The applicant was a Pakistani national. She arrived in the State on foot of a visitor’s visa in May, 2011. Her daughter, son-in-law and two granddaughters lived in Cork. The latter were Irish citizens. She sought an extension of her permission to remain extended on a number of occasions, all of which were granted except for the last one, at which point the applicant was instructed to make arrangements to leave the State. As the Minister was not furnished with evidence of her departure from the State as he had requested, he proposed to make a deportation order against her under s. 3 of the Immigration Act 1999.
The proposal entitled her to leave the State voluntarily, to consent to the making of a deportation order, or to make representations for leave to remain temporarily in the State which, if not successful, would result in the making of a deportation order against her. The applicant issued proceedings seeking to quash the issuing of the proposal and ancillary declaratory relief, including a declaration that the Minister was obliged to put in place a procedure whereby she could make representations in support of her claim to reside in the State on the basis of her rights under the Constitution and the European Convention on Human Rights, without undergoing the risk of being permanently excluded from the State should those representations be unsuccessful and a deportation order made against her.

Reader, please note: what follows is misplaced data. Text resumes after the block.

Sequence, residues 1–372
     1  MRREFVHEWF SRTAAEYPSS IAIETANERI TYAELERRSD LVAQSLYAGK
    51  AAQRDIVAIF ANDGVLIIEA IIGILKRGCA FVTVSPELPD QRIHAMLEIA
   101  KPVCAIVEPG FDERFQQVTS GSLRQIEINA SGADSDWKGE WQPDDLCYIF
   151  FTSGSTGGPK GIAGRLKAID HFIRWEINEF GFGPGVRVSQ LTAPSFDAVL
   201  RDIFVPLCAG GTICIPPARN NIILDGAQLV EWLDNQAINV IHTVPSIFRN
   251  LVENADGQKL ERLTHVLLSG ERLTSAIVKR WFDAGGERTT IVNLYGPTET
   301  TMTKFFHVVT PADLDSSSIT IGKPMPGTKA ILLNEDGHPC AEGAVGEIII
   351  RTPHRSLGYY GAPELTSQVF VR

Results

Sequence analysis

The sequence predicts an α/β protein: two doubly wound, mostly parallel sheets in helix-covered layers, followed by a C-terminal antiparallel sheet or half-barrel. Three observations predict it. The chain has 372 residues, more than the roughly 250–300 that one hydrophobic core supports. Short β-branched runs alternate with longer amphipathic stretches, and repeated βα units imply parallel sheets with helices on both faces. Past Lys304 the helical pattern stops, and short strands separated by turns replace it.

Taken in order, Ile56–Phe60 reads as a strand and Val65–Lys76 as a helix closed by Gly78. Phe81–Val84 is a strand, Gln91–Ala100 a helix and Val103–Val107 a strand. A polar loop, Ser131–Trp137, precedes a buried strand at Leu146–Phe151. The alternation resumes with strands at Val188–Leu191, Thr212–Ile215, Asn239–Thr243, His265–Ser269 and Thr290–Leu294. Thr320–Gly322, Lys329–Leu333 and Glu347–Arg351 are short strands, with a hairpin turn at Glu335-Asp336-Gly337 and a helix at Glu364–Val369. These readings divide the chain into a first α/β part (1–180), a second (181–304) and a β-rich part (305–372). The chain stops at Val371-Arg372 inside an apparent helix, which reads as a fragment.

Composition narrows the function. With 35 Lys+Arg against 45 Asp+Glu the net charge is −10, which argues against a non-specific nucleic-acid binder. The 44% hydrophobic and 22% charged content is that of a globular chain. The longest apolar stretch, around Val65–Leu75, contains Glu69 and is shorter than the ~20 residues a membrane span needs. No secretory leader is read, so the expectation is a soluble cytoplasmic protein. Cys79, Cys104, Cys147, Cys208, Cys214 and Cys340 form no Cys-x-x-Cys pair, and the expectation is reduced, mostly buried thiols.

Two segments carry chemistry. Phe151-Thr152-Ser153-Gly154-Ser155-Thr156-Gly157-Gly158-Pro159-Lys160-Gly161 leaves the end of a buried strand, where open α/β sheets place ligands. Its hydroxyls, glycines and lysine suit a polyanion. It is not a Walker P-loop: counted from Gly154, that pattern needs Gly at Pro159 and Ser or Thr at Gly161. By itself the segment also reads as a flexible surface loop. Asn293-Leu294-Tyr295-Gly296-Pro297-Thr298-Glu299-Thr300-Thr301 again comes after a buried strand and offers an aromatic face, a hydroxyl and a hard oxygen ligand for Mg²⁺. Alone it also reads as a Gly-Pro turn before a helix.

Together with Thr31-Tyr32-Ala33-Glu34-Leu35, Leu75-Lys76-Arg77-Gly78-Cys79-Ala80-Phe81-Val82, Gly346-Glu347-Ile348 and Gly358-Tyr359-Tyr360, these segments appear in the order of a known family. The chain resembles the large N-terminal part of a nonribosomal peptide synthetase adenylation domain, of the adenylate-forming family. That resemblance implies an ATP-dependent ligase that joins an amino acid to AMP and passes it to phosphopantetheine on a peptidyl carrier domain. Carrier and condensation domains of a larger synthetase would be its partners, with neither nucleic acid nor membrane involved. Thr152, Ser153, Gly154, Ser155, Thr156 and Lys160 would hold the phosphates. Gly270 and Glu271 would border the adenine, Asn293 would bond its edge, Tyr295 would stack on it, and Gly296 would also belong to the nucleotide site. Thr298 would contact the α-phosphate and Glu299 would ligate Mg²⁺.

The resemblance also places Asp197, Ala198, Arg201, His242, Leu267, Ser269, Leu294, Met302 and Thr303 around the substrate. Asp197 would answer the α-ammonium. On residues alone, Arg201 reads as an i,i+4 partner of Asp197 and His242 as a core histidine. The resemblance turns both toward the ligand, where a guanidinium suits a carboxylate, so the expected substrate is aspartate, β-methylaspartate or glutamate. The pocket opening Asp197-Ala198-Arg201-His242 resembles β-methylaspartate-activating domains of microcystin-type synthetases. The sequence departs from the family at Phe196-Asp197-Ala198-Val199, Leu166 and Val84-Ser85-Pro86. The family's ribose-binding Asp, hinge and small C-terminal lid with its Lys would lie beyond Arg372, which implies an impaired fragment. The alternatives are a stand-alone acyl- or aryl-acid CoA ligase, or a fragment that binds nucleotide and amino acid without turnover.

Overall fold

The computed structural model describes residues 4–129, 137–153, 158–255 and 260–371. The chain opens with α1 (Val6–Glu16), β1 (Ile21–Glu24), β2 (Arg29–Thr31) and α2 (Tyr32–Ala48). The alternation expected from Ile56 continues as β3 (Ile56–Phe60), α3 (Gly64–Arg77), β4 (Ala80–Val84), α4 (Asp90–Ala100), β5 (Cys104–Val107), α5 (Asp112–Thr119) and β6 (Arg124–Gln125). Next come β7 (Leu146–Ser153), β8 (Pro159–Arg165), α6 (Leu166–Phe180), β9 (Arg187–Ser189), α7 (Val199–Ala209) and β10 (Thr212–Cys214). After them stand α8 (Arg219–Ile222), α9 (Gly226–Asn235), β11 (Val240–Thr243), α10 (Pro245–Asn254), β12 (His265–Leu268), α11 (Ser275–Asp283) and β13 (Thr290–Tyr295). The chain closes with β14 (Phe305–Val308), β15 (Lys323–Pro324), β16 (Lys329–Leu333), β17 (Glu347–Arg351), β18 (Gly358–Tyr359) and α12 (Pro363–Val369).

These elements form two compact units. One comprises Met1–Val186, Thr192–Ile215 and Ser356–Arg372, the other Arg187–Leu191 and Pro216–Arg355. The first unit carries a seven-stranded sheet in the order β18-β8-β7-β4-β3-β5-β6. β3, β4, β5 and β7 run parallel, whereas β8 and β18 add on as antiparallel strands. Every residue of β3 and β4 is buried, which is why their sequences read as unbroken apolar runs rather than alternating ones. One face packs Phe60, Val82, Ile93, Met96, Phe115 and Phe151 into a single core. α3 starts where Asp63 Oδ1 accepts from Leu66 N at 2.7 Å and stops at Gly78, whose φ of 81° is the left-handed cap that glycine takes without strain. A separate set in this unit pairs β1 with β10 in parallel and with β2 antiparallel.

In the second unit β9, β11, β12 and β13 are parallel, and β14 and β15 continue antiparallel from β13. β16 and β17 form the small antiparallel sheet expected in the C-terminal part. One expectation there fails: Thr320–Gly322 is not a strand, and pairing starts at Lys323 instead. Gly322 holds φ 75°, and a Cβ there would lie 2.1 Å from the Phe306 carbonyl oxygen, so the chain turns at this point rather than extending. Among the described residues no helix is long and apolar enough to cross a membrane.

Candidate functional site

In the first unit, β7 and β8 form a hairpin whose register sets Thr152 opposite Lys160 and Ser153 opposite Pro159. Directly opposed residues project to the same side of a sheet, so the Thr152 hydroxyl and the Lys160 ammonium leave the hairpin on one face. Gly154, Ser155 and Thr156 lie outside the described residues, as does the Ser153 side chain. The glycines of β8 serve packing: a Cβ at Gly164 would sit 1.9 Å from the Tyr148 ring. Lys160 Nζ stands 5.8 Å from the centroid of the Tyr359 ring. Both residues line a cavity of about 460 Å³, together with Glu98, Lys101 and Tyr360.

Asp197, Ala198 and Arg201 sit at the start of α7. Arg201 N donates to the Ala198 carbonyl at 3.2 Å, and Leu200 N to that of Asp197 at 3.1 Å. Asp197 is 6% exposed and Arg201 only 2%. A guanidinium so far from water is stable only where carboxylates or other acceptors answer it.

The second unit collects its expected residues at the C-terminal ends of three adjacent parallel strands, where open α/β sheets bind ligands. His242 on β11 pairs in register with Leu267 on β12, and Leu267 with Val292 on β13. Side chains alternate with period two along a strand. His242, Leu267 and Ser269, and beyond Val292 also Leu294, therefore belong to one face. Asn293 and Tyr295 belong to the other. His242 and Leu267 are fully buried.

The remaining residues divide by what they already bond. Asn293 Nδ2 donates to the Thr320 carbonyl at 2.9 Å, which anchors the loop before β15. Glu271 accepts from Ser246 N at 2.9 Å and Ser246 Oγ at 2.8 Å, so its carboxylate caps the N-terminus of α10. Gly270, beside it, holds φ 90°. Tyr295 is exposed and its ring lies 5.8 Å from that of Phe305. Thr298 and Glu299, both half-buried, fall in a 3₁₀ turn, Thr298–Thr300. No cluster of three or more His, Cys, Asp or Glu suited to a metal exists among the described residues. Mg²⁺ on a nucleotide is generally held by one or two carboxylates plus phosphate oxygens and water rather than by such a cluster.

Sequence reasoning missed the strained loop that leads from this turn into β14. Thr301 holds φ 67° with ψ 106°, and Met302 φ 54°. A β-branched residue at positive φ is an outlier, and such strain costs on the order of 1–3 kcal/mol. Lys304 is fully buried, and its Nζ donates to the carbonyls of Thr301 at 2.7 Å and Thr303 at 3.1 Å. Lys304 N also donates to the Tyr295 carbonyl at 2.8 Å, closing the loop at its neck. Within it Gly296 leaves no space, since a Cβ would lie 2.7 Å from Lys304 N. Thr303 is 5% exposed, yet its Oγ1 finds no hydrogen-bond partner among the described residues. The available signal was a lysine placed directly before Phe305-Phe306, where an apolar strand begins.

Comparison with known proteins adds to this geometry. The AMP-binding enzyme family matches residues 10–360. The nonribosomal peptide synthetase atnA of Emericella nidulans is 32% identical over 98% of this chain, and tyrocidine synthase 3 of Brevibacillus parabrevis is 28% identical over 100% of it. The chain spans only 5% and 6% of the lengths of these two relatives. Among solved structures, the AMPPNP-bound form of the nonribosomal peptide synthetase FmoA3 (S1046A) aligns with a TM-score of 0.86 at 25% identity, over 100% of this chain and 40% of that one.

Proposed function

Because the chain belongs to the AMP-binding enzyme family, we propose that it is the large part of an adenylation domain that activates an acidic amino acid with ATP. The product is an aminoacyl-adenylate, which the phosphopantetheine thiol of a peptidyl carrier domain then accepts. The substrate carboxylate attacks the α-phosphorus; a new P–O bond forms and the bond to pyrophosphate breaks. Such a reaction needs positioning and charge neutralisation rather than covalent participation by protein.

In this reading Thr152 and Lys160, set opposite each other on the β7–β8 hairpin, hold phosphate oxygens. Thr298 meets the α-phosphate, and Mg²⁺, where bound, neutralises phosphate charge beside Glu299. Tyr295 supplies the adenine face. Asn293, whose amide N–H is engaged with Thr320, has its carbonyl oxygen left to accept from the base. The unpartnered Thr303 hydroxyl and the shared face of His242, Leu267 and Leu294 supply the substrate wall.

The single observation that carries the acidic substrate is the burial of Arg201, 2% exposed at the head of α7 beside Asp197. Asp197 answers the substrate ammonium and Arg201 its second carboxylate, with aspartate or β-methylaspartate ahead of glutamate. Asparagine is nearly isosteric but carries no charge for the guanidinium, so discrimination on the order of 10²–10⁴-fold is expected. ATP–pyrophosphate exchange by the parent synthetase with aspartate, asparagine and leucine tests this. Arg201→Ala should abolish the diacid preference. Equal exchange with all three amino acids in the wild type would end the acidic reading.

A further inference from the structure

Both parties agreed that the court did not have to determine the substantive human rights issue, i.e. whether she had family rights as might support her claim to residence in the State.
Accordingly, the central issue in the case was whether the applicant’s lack of entitlement to leave the State voluntarily without a deportation order being made against her on foot of any decision of the Minister to refuse to grant her leave to remain following consideration of any representations made by her, breached her right to make representations pursuant to Articles 40 and 41 of the Constitution, articles 8 and 13 of the European Convention on Human Rights. She emphasised that she was the grandparent and carer to two Irish citizen children, and was part of their household together with her daughter and son-in-law. She contended that she was part of the family unit with rights protected under Article 41 of the Constitution and article 8 ECHR. If a deportation order were made against her, she claimed that she would be unlikely to see her Irish-based relatives again.
The Minister submitted that the notion of “family” under the Constitution had traditionally been interpreted by reference to the marital family, and that only the nuclear family based on marriage fell within the definition of “family” for the purposes of Article 41. The Minister pointed out that in R.X. v. Minister for Justice  1 ILRM 444, upon which the applicant relied, the High Court had not found that all grandparents fell within Article 41 of the Constitution. The Minister also argued that the High Court, in that case, had adopted an incorrect approach to the interpretation of Article 41.